Vivian  Maier and Annie Leibovitz  are great inspirations in their own way. Vivian Maier was almost like a ghost who captured so many moments through street photography in an era (50’s and 60’s) when street photography was uncommon. I am also inspired by the style of Annie’s photography; it’s enchanting yet provocative.

Women’s involvement in mobile street photography…


© Grace Brignolle, “Untitled”


Do you think that more women are getting involved in this genre because of the democracy and immediacy of mobile devices? What are your thoughts on this?

Photography is a sort of freedom. It is a freedom of speech and a freedom of having a loud voice in a very creative way. The iPhone enables this as it is very easy to use – it is less intimidating than a microphone for instance and allows a woman to be very vocal.

Post processing images…


© Grace Brignolle, “Untitled”


What are your thoughts on post-processing mobile street images? Do you post process your own images? Can you share with us an example of your workflow process?

I prefer to not over process photos. While taking the photo I try to use and maintain its value through its organic qualities. However when I do make small changes here and there I use Snapseed. When I take a photo, I immediately look at the elements of the photo. I look for anything that might be seen as an obstruction and I will crop it out if I feel that it is necessary. Afterwards, I might enhance the photo with a change of filter. But I really try to be minimal when processing a photo.

What were your thoughts when you took these photographs?


© Grace Brignolle, “Lincoln Center Sq”


Can you share with us a few of your images that you feel give us good overview of your work… we’d love to hear what you were thinking or felt when you took these photographs. What moved you?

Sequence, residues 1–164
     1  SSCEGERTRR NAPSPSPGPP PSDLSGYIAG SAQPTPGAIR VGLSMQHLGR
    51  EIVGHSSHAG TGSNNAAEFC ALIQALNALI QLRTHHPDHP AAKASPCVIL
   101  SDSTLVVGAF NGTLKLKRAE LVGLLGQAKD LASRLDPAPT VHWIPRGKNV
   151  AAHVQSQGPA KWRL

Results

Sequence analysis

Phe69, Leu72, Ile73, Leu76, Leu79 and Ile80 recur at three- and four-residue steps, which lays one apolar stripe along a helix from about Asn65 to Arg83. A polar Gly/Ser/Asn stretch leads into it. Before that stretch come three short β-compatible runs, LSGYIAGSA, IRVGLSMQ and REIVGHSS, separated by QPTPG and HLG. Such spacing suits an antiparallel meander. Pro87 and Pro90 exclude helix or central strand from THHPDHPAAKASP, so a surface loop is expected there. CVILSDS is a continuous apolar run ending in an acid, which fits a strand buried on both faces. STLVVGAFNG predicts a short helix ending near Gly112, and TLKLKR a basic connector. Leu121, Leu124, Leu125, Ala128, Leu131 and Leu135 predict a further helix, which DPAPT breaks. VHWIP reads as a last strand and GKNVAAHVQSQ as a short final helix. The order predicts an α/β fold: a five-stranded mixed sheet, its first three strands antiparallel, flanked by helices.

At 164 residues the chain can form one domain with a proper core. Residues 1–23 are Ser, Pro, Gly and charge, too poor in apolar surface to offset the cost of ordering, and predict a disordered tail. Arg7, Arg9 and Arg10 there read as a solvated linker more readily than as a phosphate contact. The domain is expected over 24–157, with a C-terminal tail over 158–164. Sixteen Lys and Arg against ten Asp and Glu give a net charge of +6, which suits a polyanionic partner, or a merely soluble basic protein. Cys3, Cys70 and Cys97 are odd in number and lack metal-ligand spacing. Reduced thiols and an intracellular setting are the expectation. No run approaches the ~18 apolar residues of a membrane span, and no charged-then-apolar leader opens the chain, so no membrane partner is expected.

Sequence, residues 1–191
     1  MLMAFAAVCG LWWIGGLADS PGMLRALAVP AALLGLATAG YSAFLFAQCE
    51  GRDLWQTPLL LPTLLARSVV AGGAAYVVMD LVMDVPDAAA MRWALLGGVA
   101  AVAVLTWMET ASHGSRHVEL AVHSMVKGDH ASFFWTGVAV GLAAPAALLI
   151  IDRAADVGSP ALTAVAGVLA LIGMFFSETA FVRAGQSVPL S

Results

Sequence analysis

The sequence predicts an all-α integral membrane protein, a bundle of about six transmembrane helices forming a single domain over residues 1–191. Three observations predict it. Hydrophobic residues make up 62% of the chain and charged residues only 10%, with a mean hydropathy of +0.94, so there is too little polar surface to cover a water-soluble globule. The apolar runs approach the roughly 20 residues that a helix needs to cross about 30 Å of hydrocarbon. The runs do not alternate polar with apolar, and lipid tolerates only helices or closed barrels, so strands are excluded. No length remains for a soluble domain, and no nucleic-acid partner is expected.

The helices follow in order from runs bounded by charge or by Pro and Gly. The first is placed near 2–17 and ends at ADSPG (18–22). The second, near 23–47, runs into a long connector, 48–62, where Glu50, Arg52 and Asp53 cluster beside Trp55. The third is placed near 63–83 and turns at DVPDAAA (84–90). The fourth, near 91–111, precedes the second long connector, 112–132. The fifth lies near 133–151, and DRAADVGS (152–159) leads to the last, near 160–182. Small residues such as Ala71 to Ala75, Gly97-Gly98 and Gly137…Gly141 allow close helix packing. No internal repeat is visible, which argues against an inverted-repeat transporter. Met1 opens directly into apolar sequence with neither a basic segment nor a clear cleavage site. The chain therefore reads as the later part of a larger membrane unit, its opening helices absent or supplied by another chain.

This photo is called ‘Lincoln Center Sq’. When I first spotted the couple I felt an instant surge of questions. How long have they been together? Were they sharing beautiful words with one another or were they in a serious conversation? The way they looked at each other was captivating. It was tender and beautiful. I saw that moment and wished so badly that it was something that I could feel at that very second.

Artistic goals and aspirations


© Grace Brignolle, “Untitled”


What are your artistic goals and aspirations?

My goal is to constantly evolve and simply to get better at this. In addition my aspiration is to be recognized for my daring and artistic ways of photographing. I hope to achieve this by rubbing elbows with my peers and by learning from their talents.

Social Media Platforms…


© Grace Brignolle, “Untitled”


Where do you show your work? What social networks are you on? On which platforms are you most involved?

I share my work on Flickr, Facebook and more so on Instagram and oggl. Through Instagram I can display my street photography while on oggl I can be a bit more artistic and creative.

Anythng else?


© Grace Brignolle, “Untitled”


Is there anything that you would like to share with us?

To me STREET PHOTOGRAPHY is a puzzle. “To live a creative life, we must loose our fear of being wrong.” – Jospeh Chilton Pearce


© Grace Brignolle, “Untitled”

JQ's background is in painting and printmaking at the Pratt Institute, she also owned and operated a Books Arts & Textiles Studio in NYC. Three years ago JQ discovered mobile photography and her work has been exhibited in a number of exhibitions around the world.


  • Geri

    Grace has been one of the street photographers I admire! I love her work and her friendship through IG. Congrats on the feature.

    • Grace Brignolle

      Dear Geri, you were the first one who discovered, THANK YOU DEAR !!!

  • Gisele

    Great feature, Grace! Your style is amazing and I always appreciate the support and encouragement you give me.

  • Stef LP

    I came across Graces streets just recently . Immediately knew she was someone to take note of. Spot on street indeed!!! –

  • maktub77

    Always a pleasure to discover new talented street photographer. Thanks for this JQ. I´m really in love with the Lincoln Center SQ capture. Well done Grace!!!

  • Liz Traynor

    Fantastic interview – so inspiring. Thank you so much for sharing this.

  • Tracy Mitchell Griggs

    Brill! Love all the images – and I appreciate the purity in the processing. So much of mobile photography is really “image” creation, NOT photography. And though I appreciate the graphic design and illustration/manipulation techniques of many mobile creators, I appreciate the pure aesthetics of work like this, which honors the true tradition of street photography at its best. Kudos Grace.